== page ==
Prescription opioids are finding their way in your workplace through many of your employees.
Injured workers are typically prescribed opioid pain medications (such as Vicodin, OxyContin, Percoset, Morphine, Codeine, etc.) after an accident. The use of these medications can pose extreme harm to not only the injured workers but the entire workplace, especially if that employee is operating any equipment or machinery.
According to the Centers for Disease Control and Prevention, more than 43,900 people died of drug overdoses in 2013.
16,235 of those cases were tied to opioids alone or in combination with other prescription medications or alcohol.
However, the opioid epidemic extends beyond injured workers who are prescribed medications for pain relief. A study in JAMA Internal Medicine showed that more than half of chronic abusers (those who took pills for at least 200 days during the last year) received pills from prescriptions written for them (27.3%) or friends and family (26%).
Opioid prescription medications—legally taken by an injured worker or illegally used by an employee—are both a health and a safety issue in your workplace. Opioids are highly addictive drugs that have the potential to increase the risk of workplace accidents, errors and injury. In 2011, more than 25% of workers’ compensation prescription drug claim costs were for opioid pain medications.
Here are some recommendations from the National Safety Council on injured workers using opioids:
NSC recommends that employers and workers’ compensation insurance providers be proactive (Click here to download “The Proactive Role Employers Can Take Against Opioids“) to reduce their legal risk in situations where employees are being treated with pain medications as follows:
- Educate all employees about the hazards associated with prescription pain medication use, especially injured employees. Key educational messages include:
- The risks of opioid pain medication use, especially for workers with sleep apnea, COPD or other respiratory problems;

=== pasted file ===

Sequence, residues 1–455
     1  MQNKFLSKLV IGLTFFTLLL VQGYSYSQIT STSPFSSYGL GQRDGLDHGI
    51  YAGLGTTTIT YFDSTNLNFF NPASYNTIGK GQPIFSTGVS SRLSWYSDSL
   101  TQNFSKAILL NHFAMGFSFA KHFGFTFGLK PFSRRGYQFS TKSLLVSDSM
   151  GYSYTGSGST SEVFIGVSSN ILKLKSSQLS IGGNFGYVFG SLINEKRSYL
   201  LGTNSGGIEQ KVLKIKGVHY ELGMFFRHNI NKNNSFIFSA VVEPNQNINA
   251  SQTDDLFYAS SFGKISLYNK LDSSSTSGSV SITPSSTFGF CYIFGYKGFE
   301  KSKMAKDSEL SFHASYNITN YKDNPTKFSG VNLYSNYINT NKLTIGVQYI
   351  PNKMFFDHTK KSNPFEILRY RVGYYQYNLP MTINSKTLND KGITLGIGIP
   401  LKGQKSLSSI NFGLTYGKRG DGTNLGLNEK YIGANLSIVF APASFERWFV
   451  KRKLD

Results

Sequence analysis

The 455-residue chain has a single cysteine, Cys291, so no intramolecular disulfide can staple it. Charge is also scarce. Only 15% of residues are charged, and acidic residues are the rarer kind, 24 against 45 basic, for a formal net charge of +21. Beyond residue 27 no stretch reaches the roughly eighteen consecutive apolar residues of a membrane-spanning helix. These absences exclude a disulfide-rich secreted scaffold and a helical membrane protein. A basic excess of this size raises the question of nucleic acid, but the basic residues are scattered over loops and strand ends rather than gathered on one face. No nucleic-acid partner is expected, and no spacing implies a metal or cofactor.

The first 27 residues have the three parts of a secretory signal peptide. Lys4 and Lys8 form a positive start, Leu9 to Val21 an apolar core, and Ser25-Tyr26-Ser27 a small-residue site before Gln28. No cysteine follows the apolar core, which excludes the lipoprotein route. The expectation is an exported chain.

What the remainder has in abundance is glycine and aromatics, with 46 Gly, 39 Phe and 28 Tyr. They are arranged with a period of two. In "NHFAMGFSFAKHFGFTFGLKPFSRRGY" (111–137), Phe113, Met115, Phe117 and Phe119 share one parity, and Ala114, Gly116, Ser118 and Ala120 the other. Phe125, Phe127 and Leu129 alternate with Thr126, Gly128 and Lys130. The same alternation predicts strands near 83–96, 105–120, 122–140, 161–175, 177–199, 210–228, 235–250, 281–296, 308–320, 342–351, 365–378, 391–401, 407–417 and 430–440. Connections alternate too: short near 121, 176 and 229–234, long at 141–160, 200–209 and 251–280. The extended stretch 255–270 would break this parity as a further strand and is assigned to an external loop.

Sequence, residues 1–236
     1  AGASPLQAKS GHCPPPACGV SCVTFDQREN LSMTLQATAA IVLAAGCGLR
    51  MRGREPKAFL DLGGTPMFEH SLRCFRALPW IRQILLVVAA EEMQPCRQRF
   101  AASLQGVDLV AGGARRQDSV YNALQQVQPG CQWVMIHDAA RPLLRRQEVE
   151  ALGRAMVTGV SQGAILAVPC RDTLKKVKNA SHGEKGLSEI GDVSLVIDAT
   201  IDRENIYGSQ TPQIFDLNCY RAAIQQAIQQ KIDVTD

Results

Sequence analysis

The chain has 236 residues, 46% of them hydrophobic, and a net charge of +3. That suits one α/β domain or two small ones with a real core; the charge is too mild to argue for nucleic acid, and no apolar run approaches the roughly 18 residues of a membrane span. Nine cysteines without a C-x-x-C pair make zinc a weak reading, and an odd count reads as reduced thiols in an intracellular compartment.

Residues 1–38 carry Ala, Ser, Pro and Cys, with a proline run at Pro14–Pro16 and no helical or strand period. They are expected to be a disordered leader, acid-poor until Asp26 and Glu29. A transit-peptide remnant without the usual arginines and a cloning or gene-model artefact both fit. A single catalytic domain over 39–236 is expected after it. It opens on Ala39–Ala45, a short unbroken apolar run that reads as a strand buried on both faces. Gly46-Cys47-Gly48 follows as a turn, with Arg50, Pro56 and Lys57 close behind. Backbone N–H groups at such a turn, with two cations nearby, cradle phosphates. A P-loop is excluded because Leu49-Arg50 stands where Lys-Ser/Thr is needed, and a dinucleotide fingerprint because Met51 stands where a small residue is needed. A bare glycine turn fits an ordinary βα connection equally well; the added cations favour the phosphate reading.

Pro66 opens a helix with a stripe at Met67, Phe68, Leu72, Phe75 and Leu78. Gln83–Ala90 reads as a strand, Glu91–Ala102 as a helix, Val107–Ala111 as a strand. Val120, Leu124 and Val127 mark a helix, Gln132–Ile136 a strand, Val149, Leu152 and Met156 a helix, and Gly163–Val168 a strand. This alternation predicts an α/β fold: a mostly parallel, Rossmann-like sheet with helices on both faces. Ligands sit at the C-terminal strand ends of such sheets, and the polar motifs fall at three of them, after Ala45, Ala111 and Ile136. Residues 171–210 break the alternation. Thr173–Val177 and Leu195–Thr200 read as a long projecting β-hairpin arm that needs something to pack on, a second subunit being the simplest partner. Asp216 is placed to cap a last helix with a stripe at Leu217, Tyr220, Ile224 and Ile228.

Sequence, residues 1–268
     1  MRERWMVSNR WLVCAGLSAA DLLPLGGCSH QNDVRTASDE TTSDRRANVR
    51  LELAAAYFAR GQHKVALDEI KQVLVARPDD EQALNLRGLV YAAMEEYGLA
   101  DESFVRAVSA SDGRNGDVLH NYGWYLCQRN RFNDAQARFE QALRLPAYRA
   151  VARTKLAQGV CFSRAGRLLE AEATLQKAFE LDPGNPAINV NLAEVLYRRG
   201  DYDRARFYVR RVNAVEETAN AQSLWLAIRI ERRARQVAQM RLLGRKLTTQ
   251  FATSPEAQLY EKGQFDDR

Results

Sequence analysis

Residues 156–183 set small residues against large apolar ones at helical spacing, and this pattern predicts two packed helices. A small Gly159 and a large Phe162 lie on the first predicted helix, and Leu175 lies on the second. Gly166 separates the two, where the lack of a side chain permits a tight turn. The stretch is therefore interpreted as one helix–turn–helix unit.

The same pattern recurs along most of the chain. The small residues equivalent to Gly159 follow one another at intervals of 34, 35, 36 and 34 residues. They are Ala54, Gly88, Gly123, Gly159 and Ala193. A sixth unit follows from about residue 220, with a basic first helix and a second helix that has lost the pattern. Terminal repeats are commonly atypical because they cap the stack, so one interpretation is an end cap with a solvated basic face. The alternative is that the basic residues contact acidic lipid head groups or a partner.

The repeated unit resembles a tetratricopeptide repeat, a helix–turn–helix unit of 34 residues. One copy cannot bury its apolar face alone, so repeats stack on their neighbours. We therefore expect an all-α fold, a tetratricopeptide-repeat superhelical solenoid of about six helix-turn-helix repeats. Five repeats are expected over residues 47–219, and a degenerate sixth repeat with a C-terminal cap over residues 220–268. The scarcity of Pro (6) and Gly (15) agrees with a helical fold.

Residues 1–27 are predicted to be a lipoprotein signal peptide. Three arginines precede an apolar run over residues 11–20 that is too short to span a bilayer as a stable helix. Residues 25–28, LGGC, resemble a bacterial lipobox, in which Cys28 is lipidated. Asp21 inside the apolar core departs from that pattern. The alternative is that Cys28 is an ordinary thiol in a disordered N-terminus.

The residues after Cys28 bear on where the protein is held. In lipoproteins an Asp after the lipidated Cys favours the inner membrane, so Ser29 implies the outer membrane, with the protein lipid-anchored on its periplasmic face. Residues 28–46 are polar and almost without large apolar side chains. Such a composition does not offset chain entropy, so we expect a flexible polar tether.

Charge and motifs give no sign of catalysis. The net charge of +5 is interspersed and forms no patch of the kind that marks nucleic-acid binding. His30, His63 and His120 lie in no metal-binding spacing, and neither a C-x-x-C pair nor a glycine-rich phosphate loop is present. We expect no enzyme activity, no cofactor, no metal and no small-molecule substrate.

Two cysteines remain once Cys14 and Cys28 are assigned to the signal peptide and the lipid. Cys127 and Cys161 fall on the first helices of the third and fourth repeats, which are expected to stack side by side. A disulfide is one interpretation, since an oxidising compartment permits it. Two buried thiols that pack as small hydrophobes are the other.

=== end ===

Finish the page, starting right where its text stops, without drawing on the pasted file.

- Hazards associated with using together multiple forms of opioid pain medication such as short-acting and long-acting drugs together;
- Dangers of using alcohol and sleep aids with opioid pain medications;
- The risks of addiction and drug overdose.
- Require workers’ compensation and network providers to use opioid prescribing guidelines issued by the American College of Occupational and Environmental Medicine. These guidelines include:
- Informed consent;
- Thorough patient history with a more detailed screening if treatment continues for more than two weeks;
Urine drug monitoring;
- Checking the state prescription monitoring database;
- Avoiding co-prescribing benzodiazepines with opioid pain medications; and,
- Discontinuing treatment with opioids when patients reach meaningful functional recovery.
- Use caution and require prior approval for the use of methadone to treat chronic noncancer pain.
- Screen injured workers for depression, mental health conditions and current or prior substance use.
- Require network providers to utilize state prescription drug monitoring programs.
NSC also recommends that employers review their workplace drug and alcohol testing policies and update them, if appropriate. If your workplace does not have policies in place or may need to update in order to stay on top of changing drug trends, contact Employee Screening Services for a free needs analysis.
Many employers believe their drug test panels cover a wide range of opioid drugs. A “standard” 5-panel tests for marijuana, cocaine, opiates, PCP and amphetamines. The opiates tested in the standard 5 panel generally include heroin, morphine and codeine but not synthetic opiates, such as oxycodone, hydrocodone, etc. Contact ESS for information on how to test for extended opiates.
Stay ahead of the opioid epidemic by establishing a new or updating a current drug and alcohol policy in your workplace.
Click here to download “Prescription Pain Medications: A Fatal Cure for Injured Workers”